Heath Ledger, nominee Best Actor in a Leading Role for Brokeback Mountain (Photo by Chris Polk/FilmMagic) [Chris Polk/FilmMagic]
The late Australian actor died, aged 28, from an accidental drug overdose in 2008, a few months after filming The Dark Knight and his split from Michelle Williams.
Heath had taken too many sleeping pills and some reports suggested that he was severely depressed at the time, and affected by his maniacal role in the second film of Christopher Nolan’s Batman trilogy.
His sister Kate cleared up those rumours at Tribeca Film Festival where she was promoting a documentary on his life called I Am Heath Ledger.
Heath won a posthumous Oscar for his role as The Joker in The Dark Knight [Warner Bros.]
“I was really shocked, because that was him having fun,” said Kate. “Every report was coming out that he was depressed and that [the role] was taking this toll on him, and we’re going, honestly, it was the absolute opposite.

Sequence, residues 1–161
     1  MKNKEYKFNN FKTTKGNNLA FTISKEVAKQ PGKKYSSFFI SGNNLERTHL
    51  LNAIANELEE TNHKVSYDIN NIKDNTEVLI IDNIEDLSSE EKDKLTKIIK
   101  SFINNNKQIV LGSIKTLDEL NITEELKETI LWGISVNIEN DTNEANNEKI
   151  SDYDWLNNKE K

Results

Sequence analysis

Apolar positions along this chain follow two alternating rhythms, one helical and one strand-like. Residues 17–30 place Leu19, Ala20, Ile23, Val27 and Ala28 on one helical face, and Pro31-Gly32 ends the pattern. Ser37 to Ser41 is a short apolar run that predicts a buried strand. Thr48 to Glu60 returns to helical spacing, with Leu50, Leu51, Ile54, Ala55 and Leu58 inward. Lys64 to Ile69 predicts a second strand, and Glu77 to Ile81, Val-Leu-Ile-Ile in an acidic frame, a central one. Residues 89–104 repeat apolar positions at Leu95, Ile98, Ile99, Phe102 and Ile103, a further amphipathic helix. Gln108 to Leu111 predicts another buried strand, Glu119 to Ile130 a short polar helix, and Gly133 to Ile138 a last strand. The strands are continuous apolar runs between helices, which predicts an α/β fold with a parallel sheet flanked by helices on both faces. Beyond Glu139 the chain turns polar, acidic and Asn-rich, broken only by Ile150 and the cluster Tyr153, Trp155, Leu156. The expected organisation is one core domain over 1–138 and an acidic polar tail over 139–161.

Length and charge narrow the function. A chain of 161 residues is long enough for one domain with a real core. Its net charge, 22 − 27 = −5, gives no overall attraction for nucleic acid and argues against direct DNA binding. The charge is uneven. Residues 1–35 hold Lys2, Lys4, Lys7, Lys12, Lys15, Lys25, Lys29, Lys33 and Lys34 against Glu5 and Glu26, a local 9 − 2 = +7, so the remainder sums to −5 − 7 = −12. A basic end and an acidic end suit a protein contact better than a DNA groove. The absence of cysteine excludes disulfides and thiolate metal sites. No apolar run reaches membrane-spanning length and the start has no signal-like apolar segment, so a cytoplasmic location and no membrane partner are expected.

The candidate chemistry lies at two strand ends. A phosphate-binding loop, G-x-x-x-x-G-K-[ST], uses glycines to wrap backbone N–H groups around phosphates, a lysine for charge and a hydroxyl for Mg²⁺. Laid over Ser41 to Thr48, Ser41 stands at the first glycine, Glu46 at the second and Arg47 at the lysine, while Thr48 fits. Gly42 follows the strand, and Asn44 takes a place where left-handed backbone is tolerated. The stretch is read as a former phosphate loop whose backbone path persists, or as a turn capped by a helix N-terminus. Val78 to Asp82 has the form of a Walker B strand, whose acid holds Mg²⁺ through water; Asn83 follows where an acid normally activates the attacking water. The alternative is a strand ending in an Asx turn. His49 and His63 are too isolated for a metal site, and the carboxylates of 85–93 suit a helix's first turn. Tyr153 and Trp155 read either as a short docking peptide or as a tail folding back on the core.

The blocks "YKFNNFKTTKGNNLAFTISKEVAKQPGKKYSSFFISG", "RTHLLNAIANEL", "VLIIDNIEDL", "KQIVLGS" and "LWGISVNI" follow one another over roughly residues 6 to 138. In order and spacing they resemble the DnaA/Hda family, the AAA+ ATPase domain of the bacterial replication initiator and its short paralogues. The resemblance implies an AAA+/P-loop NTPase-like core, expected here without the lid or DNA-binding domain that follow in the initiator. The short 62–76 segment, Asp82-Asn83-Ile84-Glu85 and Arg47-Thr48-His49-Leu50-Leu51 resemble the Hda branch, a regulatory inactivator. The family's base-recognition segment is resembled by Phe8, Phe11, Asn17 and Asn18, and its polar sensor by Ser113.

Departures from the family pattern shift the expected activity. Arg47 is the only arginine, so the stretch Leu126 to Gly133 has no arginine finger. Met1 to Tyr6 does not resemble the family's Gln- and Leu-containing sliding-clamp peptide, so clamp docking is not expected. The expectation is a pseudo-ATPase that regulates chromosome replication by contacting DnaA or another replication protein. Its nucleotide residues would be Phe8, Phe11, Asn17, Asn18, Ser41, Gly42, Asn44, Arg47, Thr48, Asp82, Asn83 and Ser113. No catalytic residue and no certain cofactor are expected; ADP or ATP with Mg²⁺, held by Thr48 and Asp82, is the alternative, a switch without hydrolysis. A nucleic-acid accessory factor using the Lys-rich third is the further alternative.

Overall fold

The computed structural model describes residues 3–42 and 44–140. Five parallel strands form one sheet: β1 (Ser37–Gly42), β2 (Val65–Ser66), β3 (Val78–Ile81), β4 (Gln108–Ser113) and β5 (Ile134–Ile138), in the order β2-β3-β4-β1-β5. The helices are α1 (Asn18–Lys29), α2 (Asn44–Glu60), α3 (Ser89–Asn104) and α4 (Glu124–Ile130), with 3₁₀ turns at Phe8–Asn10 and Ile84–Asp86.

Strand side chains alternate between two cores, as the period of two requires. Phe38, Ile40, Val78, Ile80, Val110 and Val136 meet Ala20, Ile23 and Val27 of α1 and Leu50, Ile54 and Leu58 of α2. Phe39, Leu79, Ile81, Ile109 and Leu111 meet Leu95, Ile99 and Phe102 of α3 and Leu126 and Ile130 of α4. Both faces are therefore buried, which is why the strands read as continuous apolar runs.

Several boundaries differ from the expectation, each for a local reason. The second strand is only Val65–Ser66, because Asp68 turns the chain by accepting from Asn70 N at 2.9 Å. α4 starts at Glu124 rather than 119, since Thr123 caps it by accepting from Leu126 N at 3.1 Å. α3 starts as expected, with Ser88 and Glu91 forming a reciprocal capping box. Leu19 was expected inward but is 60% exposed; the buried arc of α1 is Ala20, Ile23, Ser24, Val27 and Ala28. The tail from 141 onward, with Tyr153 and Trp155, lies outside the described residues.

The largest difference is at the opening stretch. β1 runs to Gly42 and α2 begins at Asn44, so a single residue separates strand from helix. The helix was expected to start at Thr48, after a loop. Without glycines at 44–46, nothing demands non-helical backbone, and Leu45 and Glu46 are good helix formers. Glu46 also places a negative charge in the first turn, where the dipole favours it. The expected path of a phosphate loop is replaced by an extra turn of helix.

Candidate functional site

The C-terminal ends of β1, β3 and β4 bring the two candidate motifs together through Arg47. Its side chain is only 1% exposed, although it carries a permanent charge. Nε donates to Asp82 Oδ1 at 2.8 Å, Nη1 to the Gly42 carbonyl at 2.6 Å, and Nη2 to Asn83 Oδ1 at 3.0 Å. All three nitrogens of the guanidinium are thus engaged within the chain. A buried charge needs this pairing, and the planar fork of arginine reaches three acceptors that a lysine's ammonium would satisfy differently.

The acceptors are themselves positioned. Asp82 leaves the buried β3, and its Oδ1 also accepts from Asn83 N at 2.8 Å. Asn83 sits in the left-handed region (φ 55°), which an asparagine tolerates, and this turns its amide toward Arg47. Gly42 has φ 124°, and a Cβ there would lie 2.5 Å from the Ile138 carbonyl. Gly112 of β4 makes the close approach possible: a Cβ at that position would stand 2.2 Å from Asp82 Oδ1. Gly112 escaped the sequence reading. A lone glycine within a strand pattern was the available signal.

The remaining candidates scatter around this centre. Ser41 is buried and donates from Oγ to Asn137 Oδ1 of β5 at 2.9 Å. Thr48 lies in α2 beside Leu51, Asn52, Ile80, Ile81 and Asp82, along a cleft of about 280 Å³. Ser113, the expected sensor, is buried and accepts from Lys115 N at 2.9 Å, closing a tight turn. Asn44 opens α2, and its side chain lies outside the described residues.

“It couldn’t be more wrong. He had an amazing sense of humor, and I guess maybe only his family and friends knew that, but he was having fun. He wasn’t depressed about the Joker!”
Heath won a posthumous Best Supporting Actor Oscar for his role in the film which was collected by his family at the ceremony in 2009.
I Am Heath Ledger uses footage shot by the actor [Spike TV]
It is his family who are behind the documentary, I Am Heath Ledger, which uses thousands of hours of video footage shot by the actor as well as his artwork and various music videos, to “celebrate Heath’s life and to tell the story of this multifaceted artist.”
Michelle WIlliams, the mother of his only child Matilda, chose not to take part in front of the camera but supported it behind the scenes, however his friends Naomi Watts and Brokeback Mountain director Ang Lee can be seen sharing their stories about Heath.
Heath’s ex and the mother of his child, Michelle Williams, does not appear in the documentary [SGranitz/WireImage]
Ben Mendelsohn, Djimon Hounsou, Emile Hirsch and Catherine Hardwicke also appear in the film directed by Derik Murray and Adrian Buitenhuis.
The main criticism of the documentary – which will air on Spike TV – is that it doesn’t really go deep enough into presenting a proper picture of the then-28-year-old and his road to stardom
The Hollywood Reporter says the film “offers an intimate but incomplete view of the much-missed actor.”
Variety described it “as a catchy and seductive portrait of an extraordinary artist, but it leaves you wanting more, because you know it’s not close to being all of Heath Ledger.”